In the last installment of “Virtue and Mischief,” I wrote about my father’s willingness to engage in private, difficult, and (from my perspective) mortifying conversations with me. Over the course of my adolescence we talked about religion, politics, sex, pursuing a calling, and many, many other topics. I found these chats anxiety-inducing as they were occurring, but have come to appreciate them greatly with the passage of time. My friends revealed that their fathers rarely, if ever, did this with them. When I was a teenager I lamented my bad fortune. Now that I am older and a little wiser I thank God for my good.
Dad told me once this penchant of his wasn’t designed just to convey or elicit important information. “No,” he once confided, “I have a strong Polonian impulse, Timothy. It’s extremely difficult for me to keep my mouth shut when I think I have something worth saying. And I always think I have something worth sharing. Plus, it’s a father’s prerogative to embarrass his children. It’s also one of the few perks of the job.” I should note that dad felt it impertinent of me to point out that Polonius (the chatty chief counselor in “Hamlet”) gave terrible advice and ended up being killed by Hamlet, the fellow to whom he delivered his pearls of wisdom.
“Details,” he replied. “Tedious details.”
Flash forward 40 years or so, to Anno Domini 2018, just a couple of days after Christmas. It had been many, many years since we last had one of these father-son talks. Decades, in fact. Krista, the amigos and I were visiting my parents at their retirement community in West Lafayette, Indiana when my father tugged me gently on the arm.
“Timothy, I need to talk to you about some things.” His tone and his countenance revealed the topic was serious and time-sensitive.
“Okay, sure dad.” I followed him back to his study, an area sequestered from the rest of the apartment, secured by an impressive wall of Psychology, Philosophy, and Theology oriented books and a phalanx of various journals.
He pulled out a small, round, metal combination foot-stool and step ladder and placed it in front of me. “Here, sit on this a moment.” He stood, and at 5’ 7” he towered over my seated body. I was in his territory now. My frail 92-year-old father became an imposing 50-year-old man again, and I quickly transformed into an uncertain, geeky 15 year old. How strong the power of history, of family relationships fueled by tens of thousands of prior interactions, of a couple of feet of height differential!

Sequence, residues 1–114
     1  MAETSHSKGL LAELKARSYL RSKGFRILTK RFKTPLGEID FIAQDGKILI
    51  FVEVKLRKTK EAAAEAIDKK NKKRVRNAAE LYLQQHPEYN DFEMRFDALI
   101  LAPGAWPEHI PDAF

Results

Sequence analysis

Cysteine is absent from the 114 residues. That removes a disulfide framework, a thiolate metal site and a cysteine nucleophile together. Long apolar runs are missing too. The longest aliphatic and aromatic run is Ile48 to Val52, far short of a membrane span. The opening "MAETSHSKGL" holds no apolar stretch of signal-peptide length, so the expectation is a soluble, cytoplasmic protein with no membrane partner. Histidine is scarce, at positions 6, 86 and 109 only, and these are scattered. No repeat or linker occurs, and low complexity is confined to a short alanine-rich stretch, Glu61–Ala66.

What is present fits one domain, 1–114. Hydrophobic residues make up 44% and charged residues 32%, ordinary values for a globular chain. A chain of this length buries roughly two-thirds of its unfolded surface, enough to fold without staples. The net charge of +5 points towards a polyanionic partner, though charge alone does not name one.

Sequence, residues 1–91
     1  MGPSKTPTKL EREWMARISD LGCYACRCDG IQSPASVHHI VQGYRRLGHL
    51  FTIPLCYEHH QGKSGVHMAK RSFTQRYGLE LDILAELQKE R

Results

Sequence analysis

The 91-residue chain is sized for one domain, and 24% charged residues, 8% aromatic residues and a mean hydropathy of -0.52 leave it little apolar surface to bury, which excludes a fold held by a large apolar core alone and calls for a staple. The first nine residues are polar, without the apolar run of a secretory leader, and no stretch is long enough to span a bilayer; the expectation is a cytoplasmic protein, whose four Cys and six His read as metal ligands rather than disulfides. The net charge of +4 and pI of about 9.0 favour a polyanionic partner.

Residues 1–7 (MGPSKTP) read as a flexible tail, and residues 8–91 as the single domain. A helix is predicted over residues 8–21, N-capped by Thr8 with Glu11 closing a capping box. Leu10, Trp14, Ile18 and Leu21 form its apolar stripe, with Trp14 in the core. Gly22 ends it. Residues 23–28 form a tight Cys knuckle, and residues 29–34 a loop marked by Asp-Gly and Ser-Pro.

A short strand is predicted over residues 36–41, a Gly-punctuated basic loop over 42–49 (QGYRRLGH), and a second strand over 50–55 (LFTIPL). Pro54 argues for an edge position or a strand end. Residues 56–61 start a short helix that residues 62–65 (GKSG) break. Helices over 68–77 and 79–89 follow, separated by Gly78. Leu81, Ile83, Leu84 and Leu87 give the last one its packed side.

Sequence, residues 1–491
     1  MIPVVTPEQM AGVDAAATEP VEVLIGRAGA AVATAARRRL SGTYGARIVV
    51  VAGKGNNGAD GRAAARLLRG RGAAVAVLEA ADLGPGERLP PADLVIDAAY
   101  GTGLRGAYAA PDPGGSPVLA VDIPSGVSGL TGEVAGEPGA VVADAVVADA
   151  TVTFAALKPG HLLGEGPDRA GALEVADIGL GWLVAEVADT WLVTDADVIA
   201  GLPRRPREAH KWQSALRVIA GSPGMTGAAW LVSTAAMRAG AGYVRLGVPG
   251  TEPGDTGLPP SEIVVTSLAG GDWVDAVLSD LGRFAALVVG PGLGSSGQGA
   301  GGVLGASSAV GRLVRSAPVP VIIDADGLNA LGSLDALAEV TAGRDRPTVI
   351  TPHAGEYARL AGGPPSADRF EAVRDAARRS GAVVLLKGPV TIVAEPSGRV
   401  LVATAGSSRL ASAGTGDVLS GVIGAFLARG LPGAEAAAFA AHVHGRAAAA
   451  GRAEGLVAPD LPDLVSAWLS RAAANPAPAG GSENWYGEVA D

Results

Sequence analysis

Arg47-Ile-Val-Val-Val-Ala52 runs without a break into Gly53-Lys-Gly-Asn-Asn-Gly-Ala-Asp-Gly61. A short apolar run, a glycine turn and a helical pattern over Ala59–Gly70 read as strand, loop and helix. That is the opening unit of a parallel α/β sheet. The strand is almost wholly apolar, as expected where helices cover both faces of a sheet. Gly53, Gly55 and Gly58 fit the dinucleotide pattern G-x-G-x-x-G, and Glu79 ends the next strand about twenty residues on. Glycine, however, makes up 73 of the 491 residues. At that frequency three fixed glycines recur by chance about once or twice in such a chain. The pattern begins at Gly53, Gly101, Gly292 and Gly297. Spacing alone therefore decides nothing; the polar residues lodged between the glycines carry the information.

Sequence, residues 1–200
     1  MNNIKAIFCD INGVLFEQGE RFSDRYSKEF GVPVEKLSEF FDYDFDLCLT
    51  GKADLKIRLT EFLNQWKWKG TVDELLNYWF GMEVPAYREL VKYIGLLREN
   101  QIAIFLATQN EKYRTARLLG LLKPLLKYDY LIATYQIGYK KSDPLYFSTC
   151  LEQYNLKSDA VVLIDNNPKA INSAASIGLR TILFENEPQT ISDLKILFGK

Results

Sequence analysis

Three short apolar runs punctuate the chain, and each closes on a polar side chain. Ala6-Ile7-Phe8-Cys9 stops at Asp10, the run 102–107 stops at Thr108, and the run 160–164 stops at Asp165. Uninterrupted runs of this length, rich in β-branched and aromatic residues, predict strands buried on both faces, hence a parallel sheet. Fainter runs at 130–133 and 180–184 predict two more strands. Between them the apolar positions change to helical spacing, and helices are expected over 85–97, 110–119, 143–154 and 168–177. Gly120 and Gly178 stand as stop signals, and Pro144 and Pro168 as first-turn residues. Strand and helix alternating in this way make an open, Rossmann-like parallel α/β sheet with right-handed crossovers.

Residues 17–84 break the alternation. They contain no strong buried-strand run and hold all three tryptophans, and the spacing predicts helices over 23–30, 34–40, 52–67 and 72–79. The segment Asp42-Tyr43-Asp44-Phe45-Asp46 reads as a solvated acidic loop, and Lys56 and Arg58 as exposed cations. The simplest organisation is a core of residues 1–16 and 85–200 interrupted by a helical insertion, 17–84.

“Timothy,” he said again, “I need you to pay careful attention. Look,” he pointed to two filing cabinets. “Everything is in here. All our financial information. All our legal information. Everything pertaining to our funerals, the disposition of property after we’re gone, all the plans, everything. I’ve organized everything as well as I can, and it’s quite detailed, so that will help you. But even in the best of circumstances, it’s a colossal hassle. I can’t take that away. Sorry. It is what it is.”
“Don’t worry, dad. We’ll take care of it. Relax.”
He proceeded to walk me through all the insurance and financial documents – the location, the details, the parties involved – everything. Then he gently shut the filing cabinets and sat down next to his desk and immediately in front of me.
“But Tim, here’s what I really need to talk with you about. This is…hard for me.”
I shuddered. In my 57 years of life I had never heard him say those words.
“You’re not stupid. You’re perceptive. I know that you know that your mother is slipping a little mentally. She forgets things she’s said or done three minutes prior. And because she’s the one who had more physical problems over the past several years, I always thought that it was likely she would die first. That would have been difficult for me, of course, but….”
“It would have been preferable, under the circumstances. But, Timothy, I’m 92, I’ve been caring for your mother in ways I’ve never had to care for her before, and I’m tired. Really, really tired. It’s not going to be all that long now. And for the first time since I first began contemplating such things, it strikes me as quite possible – likely, maybe – that I’m going to die first … and that’s a scary proposition … because your mother can’t do it alone after I’m gone. She absolutely must be placed in the assisted living wing here. Otherwise, she could burn this place down. She would certainly forget various medications. She needs to be cared for, Timothy. She deserves to be cared for.” My sometimes stoic, hard-as-nails father had tears in his eyes, borne from concern for his bride of 70 years. I noted his emphasis on the word “deserves” and nodded.
“Yeah, dad, I know. We all know. We’ll make sure mom’s taken care of.”
“I know it’s probably silly, but you must promise.”